Every day, headlines detail the casualties of the nation’s surge in heroin and prescription painkiller abuse: the funerals, the broken families and the patients cycling in and out of treatment. Now, a new study sheds light on another repercussion
At some hospitals, posters on the wall in the emergency department list the drugs that are in short supply or unavailable, along with recommended alternatives.
Medicare beneficiaries may get dinged with higher prescription drug bills this year because more than half of covered drugs in standalone plans require them to pay a percentage of the cost rather than a flat fee, a new analysis found.
Aetna and Cigna inked deals in early February with drugmaker Novartis that offer the insurers rebates tied to how well a pricey new heart failure drug works to cut hospitalizations and deaths. If the $4,500-a-year drug meets targets, the rebate goes down. Doesn’t work so well?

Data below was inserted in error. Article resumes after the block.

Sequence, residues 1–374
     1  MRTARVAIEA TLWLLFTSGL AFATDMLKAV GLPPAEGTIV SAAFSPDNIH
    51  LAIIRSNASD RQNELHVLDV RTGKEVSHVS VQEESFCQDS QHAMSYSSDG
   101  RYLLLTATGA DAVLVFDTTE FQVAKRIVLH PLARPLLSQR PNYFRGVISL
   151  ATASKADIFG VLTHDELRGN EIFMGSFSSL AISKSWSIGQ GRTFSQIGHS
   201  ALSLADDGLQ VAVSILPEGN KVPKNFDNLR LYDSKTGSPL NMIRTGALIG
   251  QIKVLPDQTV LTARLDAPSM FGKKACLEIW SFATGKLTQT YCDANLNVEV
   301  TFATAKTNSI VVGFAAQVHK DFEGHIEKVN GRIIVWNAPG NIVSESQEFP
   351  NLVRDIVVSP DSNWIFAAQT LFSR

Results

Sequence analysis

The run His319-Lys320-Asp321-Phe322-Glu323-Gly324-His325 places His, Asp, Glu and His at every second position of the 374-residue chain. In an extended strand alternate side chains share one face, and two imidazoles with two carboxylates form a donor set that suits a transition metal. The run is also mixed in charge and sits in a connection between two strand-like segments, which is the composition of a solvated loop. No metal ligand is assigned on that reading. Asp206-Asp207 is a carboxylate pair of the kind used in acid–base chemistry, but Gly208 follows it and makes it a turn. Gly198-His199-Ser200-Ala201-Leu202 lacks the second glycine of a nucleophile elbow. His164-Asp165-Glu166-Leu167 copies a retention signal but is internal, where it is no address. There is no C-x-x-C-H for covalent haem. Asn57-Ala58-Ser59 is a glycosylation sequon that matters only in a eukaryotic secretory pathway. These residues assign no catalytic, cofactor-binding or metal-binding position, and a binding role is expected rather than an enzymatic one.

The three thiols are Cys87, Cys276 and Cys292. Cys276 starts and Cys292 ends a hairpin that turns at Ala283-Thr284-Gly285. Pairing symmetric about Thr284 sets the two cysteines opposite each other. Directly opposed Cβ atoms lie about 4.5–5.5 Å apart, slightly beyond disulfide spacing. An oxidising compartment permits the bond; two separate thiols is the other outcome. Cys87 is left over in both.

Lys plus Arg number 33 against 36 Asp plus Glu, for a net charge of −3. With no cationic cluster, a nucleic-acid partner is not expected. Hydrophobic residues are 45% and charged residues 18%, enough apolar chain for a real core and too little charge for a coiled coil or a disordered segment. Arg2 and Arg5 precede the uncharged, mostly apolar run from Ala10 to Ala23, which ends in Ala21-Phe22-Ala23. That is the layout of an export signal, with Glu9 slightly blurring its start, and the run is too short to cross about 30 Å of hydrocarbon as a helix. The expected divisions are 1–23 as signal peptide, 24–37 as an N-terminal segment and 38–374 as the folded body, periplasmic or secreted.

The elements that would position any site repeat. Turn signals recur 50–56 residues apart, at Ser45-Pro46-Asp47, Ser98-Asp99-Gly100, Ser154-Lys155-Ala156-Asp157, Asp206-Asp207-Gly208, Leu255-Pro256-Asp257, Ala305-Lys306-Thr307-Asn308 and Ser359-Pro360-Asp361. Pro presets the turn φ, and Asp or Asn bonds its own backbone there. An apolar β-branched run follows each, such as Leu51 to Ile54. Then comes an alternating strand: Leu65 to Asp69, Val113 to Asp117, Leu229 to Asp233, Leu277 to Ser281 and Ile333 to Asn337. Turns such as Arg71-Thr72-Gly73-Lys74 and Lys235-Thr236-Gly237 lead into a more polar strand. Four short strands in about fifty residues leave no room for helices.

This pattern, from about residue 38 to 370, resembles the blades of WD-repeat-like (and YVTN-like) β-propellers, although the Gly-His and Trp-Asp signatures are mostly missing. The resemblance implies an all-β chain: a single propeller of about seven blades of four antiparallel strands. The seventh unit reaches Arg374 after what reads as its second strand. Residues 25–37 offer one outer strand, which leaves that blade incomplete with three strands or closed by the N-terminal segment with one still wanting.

Rep. Knute Buehler, R-Bend, is promoting a bill that would give pharmacists the ability to quickly dispense a life-saving drug for use in opiate overdoses without the prescription of one of his fellow physicians.
Rep. Rob Nosse, D-Portland, is bringing back a bill that requires pharmacists to give extra notification to medication prescribers when the pharmacist dispenses a cheaper, biosimilar equivalent to a brand-name biological drug.
Prescription painkiller abuse is drawing national attention as states battle increasing abuse cases, presidential candidates offer possible solutions and even President Barack Obama includes the issue in his State of the Union address Tuesday night.
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In an unprecedented decision, the Center for Medicare & Medicaid Services has published comprehensive data showing which physicians and other healthcare providers prescribed the highest number of drugs – by cost, claim and their type – to Medicare beneficiaries.1